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The National Gallery has endeavoured to make as many images of the collection as possible available for non-commercial use. However, an image of this painting is not available to download. This may be due to third party copyright restrictions.

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The Crucifixion Altarpiece

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This altarpiece was commissioned by the family of Hermann Rinck, who was burgomaster (or mayor) of Cologne three times in the 1480s, after his death in around 1496. It stood on the altar of their family chapel in the church of Saint Columba in the city.

The altarpiece is in the form of a triptych (a painting made up of three panels). Its two side panels – or shutters – are in the Walker Art Gallery, Liverpool. The altarpiece was dismantled and the panels separated some time between 1810 and 1820. The central panel, which is in the National Gallery’s collection, shows Christ’s crucifixion. The shutters show the episodes leading up to the Crucifixion and those that followed it.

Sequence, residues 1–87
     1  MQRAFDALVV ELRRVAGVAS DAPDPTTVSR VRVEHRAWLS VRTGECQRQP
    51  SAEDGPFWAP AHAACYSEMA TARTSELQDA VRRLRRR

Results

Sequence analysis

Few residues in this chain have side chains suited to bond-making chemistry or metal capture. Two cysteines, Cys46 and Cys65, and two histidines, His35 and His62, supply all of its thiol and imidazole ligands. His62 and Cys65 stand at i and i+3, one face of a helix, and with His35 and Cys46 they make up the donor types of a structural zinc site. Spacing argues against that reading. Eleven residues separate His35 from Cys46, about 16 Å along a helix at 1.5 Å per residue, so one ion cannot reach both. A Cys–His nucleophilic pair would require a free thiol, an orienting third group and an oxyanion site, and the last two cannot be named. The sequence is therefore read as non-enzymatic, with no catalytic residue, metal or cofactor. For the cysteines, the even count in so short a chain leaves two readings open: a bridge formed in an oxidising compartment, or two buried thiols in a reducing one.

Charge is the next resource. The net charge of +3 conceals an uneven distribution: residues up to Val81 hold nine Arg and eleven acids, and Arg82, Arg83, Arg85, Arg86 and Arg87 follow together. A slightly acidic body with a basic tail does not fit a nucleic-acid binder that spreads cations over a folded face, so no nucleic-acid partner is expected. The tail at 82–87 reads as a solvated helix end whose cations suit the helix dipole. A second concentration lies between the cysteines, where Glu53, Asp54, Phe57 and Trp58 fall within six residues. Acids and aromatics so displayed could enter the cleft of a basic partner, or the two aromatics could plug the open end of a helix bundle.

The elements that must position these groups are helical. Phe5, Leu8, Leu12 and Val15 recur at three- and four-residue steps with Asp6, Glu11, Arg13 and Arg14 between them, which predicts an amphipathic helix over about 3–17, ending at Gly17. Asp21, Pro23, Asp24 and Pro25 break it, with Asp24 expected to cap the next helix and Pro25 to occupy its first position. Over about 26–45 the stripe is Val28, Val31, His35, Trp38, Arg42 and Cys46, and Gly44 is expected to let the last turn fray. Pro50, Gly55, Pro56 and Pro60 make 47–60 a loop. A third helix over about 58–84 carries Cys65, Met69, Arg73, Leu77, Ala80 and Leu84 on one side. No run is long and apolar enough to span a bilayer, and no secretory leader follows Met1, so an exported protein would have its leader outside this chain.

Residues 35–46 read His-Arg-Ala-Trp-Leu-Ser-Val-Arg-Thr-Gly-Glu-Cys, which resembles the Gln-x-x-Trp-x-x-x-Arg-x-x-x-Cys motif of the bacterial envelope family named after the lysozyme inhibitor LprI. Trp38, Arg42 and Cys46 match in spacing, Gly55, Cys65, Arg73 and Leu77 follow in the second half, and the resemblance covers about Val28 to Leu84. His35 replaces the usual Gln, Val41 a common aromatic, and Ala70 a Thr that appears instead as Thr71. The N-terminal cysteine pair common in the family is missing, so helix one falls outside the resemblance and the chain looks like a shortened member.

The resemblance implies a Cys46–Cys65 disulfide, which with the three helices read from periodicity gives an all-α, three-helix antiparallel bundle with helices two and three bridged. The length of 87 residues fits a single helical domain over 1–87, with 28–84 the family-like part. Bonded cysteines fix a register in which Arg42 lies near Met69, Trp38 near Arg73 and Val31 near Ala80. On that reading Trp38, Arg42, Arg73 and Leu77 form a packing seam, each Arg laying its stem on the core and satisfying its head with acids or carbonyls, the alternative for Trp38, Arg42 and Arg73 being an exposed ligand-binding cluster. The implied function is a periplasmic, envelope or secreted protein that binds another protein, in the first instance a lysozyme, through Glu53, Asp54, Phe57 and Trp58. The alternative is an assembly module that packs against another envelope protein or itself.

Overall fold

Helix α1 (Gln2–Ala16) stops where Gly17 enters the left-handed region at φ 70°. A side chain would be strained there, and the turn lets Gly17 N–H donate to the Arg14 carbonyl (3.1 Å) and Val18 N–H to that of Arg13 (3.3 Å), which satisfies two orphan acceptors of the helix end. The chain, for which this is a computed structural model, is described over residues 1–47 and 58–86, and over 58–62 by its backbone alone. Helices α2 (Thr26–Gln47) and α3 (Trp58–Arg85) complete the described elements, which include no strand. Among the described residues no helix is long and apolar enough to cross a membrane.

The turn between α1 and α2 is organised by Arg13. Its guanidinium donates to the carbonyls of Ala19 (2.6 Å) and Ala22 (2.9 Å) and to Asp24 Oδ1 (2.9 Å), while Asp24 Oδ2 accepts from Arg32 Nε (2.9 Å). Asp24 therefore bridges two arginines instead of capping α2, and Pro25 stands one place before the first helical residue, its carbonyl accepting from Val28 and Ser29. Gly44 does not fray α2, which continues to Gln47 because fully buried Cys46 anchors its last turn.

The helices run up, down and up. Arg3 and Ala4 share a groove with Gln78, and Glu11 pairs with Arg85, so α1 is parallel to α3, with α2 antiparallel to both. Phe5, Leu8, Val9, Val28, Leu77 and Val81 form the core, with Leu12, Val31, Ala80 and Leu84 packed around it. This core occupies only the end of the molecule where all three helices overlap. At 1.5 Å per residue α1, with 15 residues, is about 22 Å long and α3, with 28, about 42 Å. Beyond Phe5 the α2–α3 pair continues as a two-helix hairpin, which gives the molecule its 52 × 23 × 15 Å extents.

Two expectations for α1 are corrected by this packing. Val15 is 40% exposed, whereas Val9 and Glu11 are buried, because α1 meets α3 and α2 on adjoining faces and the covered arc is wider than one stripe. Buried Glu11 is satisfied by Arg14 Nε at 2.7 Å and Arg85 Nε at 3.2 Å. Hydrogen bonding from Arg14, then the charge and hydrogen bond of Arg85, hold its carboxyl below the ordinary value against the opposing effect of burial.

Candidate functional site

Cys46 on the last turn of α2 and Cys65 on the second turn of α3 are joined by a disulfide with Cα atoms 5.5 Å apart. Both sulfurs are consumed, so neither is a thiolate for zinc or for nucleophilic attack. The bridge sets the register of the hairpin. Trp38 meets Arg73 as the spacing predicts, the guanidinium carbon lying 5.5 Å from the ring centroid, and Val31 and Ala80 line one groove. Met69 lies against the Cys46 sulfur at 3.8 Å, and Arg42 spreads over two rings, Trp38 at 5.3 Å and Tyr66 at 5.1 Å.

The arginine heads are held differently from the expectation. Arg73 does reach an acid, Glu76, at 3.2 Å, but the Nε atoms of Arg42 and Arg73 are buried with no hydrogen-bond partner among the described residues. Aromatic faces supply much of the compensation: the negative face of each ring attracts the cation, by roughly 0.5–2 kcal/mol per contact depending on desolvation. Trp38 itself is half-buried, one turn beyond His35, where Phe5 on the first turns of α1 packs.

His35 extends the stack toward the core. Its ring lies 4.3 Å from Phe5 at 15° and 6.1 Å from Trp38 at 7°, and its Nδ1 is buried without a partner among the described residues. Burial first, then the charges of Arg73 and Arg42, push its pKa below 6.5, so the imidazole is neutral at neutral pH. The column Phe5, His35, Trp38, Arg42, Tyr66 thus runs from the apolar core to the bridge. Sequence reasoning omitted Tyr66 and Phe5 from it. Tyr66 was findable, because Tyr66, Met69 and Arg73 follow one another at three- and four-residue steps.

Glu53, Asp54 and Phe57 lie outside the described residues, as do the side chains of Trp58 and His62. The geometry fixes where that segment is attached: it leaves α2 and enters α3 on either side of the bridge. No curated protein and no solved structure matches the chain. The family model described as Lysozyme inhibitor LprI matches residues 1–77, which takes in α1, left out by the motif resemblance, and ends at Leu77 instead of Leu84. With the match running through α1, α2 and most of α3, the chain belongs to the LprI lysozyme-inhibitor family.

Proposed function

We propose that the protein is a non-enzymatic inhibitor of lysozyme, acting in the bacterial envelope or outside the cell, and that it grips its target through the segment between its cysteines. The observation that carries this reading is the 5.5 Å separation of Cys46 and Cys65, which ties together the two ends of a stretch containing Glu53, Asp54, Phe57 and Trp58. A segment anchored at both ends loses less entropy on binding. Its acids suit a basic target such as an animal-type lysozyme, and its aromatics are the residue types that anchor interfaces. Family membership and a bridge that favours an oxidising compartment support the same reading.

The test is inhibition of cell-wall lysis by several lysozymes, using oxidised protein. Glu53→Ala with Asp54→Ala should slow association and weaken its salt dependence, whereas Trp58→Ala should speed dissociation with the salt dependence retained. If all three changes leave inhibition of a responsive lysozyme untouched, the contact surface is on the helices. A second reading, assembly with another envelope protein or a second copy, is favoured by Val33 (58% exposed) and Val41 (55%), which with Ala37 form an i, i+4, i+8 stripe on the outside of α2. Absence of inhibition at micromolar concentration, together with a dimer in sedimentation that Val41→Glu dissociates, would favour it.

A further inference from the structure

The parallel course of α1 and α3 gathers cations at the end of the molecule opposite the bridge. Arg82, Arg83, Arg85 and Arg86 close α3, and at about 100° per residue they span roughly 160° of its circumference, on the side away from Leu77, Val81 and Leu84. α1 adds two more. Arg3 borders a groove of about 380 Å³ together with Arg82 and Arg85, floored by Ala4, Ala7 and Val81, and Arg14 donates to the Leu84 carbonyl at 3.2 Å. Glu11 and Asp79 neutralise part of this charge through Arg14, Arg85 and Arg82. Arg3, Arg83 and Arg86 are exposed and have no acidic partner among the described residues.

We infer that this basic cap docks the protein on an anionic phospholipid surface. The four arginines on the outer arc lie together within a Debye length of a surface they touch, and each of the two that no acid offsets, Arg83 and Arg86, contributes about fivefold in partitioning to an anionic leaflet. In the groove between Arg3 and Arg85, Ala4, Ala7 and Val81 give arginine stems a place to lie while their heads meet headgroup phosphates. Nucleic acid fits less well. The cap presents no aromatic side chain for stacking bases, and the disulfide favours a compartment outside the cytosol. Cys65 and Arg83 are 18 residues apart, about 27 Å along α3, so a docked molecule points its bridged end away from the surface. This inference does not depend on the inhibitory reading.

When the altarpiece was cleaned in 1963, overpaint on the reverse of the shutters was removed, revealing paintings of Rinck and his wife with three of their sons.

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